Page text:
Whip Smart: Gaslight’s ‘Arizona Smith’ has fun with ‘Indiana Jones’

By Laura Latzko

The “Indiana Jones” franchise is known for its signature antihero character, whose adventures take him around the world. 

The Gaslight Theatre is putting its own melodramatic spin on the story with “Arizona Smith and the Relic of Doom,” which runs from Thursday, January 6, to Sunday, March 27.

In “Arizona Smith and the Relic of Doom,” the title character — an archaeologist and adventurer — must fight foreign enemies and find the Lost Relic before they capture it. It’s all set to big musical numbers and comedic moments.

The show stars fan favorite Todd Thompson as Arizona Smith and Gaslight Theatre newcomer Ruthie Hayashi as his love interest, Dr. Kate Reid.

Co-director Mike Yarema will serve as Cappy and a swing for Smith. The cast also includes Heather Stricker as Eva, Jacob Brown as Montaigne, Janée Page as Professor Cecilia Wellbourne, Erin Thompson as Priscilla, Jake Chapman as Franz/Col. Wilhelm Heimlich, and David Orley as Hans/Fallow.

Swings like Yarema are, basically, understudies who will replace cast members who fall ill.

“Thankfully, we have an incredibly talented community of actors in Tucson to pull from,” Yarema says. “The theater has never had this many talented people on the payroll. Not that we didn’t have talented people before, but we haven’t had this many in productions.”

Hayashi began her tenure with the Gaslight Theatre as an understudy and worked her way up to lead or “opening” roles after several years. Actors like Hayashi must sing, dance, act, improvise and make audiences laugh.

“It’s not something that you necessarily could just step in and learn overnight,” Yarema says.

“There are a lot of people who could do very well, but it does take a little bit of time to learn all of the tricks of the trade and to become well-rounded enough to be an opener.”

Over the years, the actor has had a chance to play different evil and good guy characters. He enjoys getting to portray antiheroes such as Smith, who are likeable yet snarky and arrogant.

“It’s fun when you get a hero who is a little different,” Yarema says. “You’re not just going up there and getting cheer lines. There’s a little more depth to the character.”

A Gaslight veteran, Todd Thompson brings new dimension to the stage with “Arizona Smith.”

“If there was ever an actor who was perfect for a character, it is Todd,” Yarema says. “He’s got that leading man thing down, especially with his quirkiness, confidence and swagger.

“Todd has this amazing vibrato. He is so confident in every choice he makes as an actor. Not only that, but he can make any situation work in his favor. Any ad-lib — even if it’s the first time he’s tried it and hasn’t quite worked it out — he can still make it funny.”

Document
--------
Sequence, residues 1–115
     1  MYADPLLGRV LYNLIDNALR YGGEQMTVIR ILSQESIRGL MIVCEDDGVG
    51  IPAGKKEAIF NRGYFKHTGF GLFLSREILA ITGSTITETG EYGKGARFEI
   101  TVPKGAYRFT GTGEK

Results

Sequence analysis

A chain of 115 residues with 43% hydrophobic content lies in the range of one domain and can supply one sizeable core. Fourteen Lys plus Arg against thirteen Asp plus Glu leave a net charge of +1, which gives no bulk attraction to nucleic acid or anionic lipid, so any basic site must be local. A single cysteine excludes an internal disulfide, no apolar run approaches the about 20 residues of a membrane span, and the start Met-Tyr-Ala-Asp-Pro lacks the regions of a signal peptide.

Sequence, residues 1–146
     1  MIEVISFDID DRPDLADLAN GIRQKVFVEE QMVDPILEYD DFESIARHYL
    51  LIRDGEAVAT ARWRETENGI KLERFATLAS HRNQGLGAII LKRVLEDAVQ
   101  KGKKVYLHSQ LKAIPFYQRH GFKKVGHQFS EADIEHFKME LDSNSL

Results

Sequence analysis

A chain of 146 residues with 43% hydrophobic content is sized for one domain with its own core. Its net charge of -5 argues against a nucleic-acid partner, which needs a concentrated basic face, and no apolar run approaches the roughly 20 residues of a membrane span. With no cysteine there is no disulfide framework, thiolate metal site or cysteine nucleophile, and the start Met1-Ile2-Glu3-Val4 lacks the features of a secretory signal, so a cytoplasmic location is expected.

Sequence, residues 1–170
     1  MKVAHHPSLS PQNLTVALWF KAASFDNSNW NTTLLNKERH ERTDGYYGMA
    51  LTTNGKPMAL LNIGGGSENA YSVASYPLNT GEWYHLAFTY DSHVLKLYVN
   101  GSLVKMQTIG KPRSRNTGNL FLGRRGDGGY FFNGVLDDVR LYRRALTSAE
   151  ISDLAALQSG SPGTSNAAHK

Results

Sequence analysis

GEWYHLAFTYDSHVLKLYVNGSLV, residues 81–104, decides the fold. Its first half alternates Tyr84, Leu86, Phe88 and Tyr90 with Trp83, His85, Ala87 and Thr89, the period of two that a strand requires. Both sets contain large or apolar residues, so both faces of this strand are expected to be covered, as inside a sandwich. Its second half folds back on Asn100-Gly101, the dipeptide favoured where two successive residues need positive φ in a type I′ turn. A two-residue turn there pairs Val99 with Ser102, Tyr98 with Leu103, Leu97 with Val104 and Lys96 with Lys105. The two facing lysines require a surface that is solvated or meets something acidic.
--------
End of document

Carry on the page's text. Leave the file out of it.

Expanding roles

Although the show is focused on Smith, the show boasts strong female characters. Reid, for example, is a doctor of archaeology who opposes Smith.

“She keeps Arizona in check,” Yarema says. “She doesn’t fall for all his shenanigans. She knows better, of course. They obviously have a little history together, which creates some of that tension.”

Yarema says Gaslight has continued to expand opportunities for actresses. Previously, it was challenging because many of the shows are male centered.

“It’s hard when you are taking these male-dominated Hollywood stories and trying to create strong female characters,” Yarema says.

“As we move forward over time, we find ways to do that because we would be silly not to include all of these talented women that we have in our cast.”

To expand these opportunities, Gaslight rethinks roles traditionally played by men. In “Arizona Smith,” for example, the professor (now Cecilia Wellbourne) was previously a male character.

Bringing the show to life

In “Arizona Smith,” lighting and sound effects bring the show to life with illusions of a collapsing bridge and rolling boulders.

“There are some real fun technical things, in additional to our normal wacky stage antics,” Yarema says.

“It is no small task to put these things together in such a small space and to make them look lifelike and, to a degree, realistic.”

Unique to this Gaslight show is a choreographed tap number, set to the tune of 1940s- and 1950s-style music. Following the performances are olios, or vaudeville-style musical variety numbers. This time, the country-western-themed pieces will be led by a Roy Rogers-inspired character.

“It’s fun for the actors, and that’s the Gaslight formula,” Yarema says. “If it’s fun for the actors, it’s also fun for the audience.”

More Info

What: “Arizona Smith and the Relic of Doom”

When: Various times Thursday, January 6, to Sunday, March 27

Where: Gaslight Theatre, 7010 E. Broadway Boulevard

Cost: $27 adults

Info: 886-9428, thegaslighttheatre.com